The United States produced, consumed, and exported record volumes of natural gas last year, following years of rising output due to fracking and horizontal drilling, the Energy Information Administration (EIA) said on Friday.

According to EIA’s estimates, domestic production of dry natural gas rose to nearly 34 trillion cubic feet (Tcf) while consumption increased to 31 Tcf in 2019, setting records.

Exports also rose to record levels last year, thanks to growing production and more liquefied natural gas (LNG) export terminals coming online.

In 2019, the United States exported a record level of nearly 5 Tcf of natural gas, predominantly by pipeline to Mexico and Canada or shipped overseas as LNG, the EIA said. Natural gas imports, on the other hand, dropped to their lowest levels since 2015.

U.S. natural gas exports surpassed imports in 2017 for the first time since 1957.

This year, however, higher stocks, the demand collapse from the pandemic, and the low natural gas prices are set to result in declines in American natural gas production. The supply of natural gas in the U.S. has been dropping this year as gas producers lower production amid low prices while oil producers scale back oil output and with it – associated natural gas production from oil-directed wells.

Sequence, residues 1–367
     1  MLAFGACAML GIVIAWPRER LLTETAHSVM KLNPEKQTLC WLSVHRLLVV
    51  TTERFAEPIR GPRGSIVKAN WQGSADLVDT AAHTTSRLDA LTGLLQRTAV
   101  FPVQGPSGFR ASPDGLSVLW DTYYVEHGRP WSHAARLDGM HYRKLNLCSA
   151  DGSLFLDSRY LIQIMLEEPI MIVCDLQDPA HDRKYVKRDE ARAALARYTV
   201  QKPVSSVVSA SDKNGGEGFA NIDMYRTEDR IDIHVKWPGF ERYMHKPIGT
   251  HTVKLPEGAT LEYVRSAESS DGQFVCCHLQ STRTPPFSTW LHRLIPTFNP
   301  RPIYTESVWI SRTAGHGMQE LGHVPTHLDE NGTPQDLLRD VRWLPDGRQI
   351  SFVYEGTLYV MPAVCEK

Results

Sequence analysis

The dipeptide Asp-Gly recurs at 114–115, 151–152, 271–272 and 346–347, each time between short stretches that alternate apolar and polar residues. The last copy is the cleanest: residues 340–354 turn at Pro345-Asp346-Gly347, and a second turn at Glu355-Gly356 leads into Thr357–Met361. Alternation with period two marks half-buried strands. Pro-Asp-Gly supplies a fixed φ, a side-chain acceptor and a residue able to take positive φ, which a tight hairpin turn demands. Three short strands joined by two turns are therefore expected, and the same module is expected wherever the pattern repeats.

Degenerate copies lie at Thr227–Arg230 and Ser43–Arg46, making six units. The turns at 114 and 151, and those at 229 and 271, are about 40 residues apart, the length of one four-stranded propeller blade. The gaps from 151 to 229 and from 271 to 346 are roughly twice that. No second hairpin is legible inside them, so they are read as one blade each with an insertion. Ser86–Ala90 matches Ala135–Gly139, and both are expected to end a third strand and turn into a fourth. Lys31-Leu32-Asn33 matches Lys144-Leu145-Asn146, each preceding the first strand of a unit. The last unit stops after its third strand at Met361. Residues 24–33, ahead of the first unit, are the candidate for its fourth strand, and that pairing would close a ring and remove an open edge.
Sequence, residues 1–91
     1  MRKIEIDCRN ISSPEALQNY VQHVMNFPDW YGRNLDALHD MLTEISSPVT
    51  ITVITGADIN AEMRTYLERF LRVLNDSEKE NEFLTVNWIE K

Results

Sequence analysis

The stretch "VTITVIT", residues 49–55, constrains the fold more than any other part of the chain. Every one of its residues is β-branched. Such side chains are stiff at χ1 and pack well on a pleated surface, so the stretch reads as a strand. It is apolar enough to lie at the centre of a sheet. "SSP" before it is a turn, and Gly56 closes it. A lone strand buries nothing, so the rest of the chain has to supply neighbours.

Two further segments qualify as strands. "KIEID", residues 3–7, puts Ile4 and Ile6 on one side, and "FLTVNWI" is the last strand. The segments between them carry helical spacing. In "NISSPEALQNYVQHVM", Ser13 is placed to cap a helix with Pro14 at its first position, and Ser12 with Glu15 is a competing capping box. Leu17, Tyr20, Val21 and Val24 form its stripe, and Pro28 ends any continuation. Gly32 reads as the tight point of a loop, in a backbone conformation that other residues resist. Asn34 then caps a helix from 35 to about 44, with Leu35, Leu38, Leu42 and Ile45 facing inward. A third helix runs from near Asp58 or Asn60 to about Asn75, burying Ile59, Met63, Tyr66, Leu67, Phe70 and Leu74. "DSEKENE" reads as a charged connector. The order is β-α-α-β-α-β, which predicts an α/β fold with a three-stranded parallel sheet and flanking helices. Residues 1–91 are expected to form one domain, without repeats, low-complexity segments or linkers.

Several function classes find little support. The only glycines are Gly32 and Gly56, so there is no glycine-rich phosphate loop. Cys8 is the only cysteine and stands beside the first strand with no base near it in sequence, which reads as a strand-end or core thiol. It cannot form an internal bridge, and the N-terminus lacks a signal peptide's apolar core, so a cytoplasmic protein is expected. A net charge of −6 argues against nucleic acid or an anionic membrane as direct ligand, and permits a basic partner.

Natural gas prices plunged to a 25-year-low at the end of last month, due to continued weakness in demand.

In its latest Short-Term Energy Outlook (STEO) from this week, the EIA predicts that U.S. consumption will decrease by 3.1 percent in 2020 before decreasing by an additional 4.5 percent in 2021. Consumption of natural gas by the industrial sector is set to drop by 6.2 percent this year, due to the measures to contain the epidemic.

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Production is expected to drop by 3.2 percent year on year in 2020, due to a sharp drop in drilling activity because of low natural gas prices and production curtailments.

The EIA expects the low point in natural gas production to occur in the second quarter of 2021 at an average of 83.3 Bcf/d, which would be down by 13.2 percent from the Q4 2019 peak. Toward the end of 2021, production should start rising due to higher prices and more favorable economic conditions, the EIA says.  

By Tsvetana Paraskova for Oilprice.com

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